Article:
neutrino

Dr. Kirsty Duffy, a young woman with long hair, holds a large beach ball and smiles. An orange bubble has text with the question "How big is a neutrino?" beside her.

Have you ever wondered how big a particle is — or how scientists even measure something that tiny? Fermilab scientist Kirsty Duffy will answer a deceptively simple question with the help of some sports equipment: How big is a neutrino?

Let’s talk about some of the largest explosions in the universe: supernovae. Join Fermilab scientists Dr. Kirsty Duffy and Dr. Anne Schukraft to find out more about exploding stars, tiny particles and the SuperNova Early Warning System (SNEWS).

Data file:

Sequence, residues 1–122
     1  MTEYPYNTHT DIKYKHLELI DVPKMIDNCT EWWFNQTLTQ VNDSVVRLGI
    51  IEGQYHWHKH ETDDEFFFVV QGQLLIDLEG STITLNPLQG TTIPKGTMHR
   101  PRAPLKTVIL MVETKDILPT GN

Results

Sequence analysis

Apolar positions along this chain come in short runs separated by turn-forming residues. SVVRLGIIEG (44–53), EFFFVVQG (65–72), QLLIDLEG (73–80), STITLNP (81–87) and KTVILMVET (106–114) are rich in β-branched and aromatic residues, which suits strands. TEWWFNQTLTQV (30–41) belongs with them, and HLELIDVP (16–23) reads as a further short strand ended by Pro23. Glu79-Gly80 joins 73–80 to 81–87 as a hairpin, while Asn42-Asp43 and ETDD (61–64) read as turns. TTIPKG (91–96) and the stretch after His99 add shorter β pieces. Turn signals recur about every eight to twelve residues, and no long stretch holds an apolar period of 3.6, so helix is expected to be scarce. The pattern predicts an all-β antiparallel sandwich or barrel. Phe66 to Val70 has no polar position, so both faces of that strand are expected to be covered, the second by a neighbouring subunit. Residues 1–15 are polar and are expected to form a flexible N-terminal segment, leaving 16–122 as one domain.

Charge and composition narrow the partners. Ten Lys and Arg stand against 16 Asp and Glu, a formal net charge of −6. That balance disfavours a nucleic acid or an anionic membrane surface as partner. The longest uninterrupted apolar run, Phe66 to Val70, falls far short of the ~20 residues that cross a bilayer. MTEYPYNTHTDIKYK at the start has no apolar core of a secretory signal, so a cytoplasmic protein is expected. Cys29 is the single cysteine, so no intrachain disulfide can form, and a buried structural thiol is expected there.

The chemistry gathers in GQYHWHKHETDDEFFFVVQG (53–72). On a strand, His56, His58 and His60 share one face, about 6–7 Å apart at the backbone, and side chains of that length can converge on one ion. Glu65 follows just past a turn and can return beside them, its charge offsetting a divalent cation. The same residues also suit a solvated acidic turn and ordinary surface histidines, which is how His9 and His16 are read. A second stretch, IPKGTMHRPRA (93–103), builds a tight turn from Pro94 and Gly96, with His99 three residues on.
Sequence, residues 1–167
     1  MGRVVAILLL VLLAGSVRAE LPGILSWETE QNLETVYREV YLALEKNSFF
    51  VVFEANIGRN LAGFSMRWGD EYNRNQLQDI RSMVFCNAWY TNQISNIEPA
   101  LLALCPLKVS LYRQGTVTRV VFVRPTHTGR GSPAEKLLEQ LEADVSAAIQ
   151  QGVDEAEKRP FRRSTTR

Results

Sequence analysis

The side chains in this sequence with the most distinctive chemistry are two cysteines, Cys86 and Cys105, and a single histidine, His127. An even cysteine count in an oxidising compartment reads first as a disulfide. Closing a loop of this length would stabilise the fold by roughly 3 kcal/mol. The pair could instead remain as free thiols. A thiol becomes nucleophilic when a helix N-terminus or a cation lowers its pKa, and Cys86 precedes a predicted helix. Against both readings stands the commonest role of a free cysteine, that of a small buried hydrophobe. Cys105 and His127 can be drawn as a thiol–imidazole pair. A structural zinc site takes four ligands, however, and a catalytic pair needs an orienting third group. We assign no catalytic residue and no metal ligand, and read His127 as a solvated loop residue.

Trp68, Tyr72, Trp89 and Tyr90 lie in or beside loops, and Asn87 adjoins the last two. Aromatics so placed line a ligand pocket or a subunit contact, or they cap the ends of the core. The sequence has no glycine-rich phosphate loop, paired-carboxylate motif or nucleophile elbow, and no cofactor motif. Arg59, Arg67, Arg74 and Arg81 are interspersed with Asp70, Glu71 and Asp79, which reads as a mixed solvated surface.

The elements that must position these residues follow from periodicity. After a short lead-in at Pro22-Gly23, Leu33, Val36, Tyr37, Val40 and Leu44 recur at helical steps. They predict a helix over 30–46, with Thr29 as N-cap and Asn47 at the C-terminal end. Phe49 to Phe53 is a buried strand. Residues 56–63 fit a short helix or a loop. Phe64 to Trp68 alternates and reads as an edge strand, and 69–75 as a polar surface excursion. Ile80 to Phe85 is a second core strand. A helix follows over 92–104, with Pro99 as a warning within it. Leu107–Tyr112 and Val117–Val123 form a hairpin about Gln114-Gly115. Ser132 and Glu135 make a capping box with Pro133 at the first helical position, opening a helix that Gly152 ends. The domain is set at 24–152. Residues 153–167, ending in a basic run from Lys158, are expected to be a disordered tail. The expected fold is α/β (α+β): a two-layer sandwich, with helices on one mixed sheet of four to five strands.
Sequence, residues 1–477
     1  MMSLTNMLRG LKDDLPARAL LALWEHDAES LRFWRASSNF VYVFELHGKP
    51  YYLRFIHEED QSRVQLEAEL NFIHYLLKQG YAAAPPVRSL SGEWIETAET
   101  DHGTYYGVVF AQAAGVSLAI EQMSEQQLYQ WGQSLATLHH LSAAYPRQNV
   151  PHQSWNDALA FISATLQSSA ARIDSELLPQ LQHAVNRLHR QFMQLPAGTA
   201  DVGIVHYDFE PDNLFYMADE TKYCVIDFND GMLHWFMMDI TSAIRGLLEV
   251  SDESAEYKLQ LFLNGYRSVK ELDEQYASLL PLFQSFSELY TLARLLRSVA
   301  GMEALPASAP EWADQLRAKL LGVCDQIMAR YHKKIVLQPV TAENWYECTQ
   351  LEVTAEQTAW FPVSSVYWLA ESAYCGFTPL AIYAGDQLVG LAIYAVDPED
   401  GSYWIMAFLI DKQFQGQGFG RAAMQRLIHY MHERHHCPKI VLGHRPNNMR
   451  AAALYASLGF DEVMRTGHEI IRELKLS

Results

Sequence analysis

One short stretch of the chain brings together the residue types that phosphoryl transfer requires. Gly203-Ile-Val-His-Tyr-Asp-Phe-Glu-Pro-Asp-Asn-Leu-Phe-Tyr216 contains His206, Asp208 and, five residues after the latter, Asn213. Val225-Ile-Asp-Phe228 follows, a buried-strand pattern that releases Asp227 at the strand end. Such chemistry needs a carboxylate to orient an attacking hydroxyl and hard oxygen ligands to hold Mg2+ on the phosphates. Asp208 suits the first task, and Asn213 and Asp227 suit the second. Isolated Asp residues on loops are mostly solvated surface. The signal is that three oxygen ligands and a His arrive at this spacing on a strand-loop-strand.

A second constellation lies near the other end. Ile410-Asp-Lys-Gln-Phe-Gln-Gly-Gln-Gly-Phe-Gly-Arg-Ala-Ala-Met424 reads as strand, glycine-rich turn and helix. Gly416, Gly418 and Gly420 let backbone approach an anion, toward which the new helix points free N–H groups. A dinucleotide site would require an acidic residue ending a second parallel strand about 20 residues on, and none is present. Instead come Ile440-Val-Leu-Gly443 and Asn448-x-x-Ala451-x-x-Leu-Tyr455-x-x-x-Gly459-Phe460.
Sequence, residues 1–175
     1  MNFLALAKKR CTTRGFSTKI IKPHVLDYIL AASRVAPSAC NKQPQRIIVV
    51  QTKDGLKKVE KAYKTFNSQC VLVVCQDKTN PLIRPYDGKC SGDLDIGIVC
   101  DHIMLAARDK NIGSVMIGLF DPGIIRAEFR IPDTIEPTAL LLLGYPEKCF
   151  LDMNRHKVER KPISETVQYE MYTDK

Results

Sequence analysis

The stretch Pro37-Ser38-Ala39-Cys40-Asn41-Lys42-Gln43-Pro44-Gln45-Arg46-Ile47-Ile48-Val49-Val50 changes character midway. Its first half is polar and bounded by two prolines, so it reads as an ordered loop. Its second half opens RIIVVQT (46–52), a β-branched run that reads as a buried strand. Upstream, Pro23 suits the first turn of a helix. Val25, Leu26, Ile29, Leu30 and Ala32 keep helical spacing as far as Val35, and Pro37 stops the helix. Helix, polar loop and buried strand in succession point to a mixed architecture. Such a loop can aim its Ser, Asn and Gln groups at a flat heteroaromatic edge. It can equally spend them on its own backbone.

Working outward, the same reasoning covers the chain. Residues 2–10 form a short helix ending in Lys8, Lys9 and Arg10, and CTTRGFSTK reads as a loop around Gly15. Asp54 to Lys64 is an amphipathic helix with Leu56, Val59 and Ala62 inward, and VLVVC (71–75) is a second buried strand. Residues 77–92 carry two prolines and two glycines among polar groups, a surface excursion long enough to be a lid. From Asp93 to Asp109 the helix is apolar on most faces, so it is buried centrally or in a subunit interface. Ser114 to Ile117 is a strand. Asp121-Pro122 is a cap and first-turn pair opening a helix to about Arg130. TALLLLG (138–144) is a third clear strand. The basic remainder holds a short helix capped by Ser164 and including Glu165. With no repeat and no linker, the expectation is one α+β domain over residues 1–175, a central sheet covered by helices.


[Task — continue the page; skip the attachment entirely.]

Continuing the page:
From the Black Hills Pioneer, March 25, 2021: Ross Hoists will power the excavation of 800,000 tons of waste rock and serve as the conveyance for people, materials and equipment underground of the DUNE at LBNF.

Dr. Kirsty Duffy talks about how we can see the invisible with detectors. She shares the bizarre story of the first neutrino detector: Project Poltergeist. Plus, MicroBooNE scientist Katrina Miller shows us the materials used to build modern detectors — and what scientists see when a neutrino finally says hello.

From the Oxford University Department of Physics, March 16, 2021: Oxford University explores the potential of the DUNE experiment and how it could unlock the mysteries of matter and how it was formed in our universe.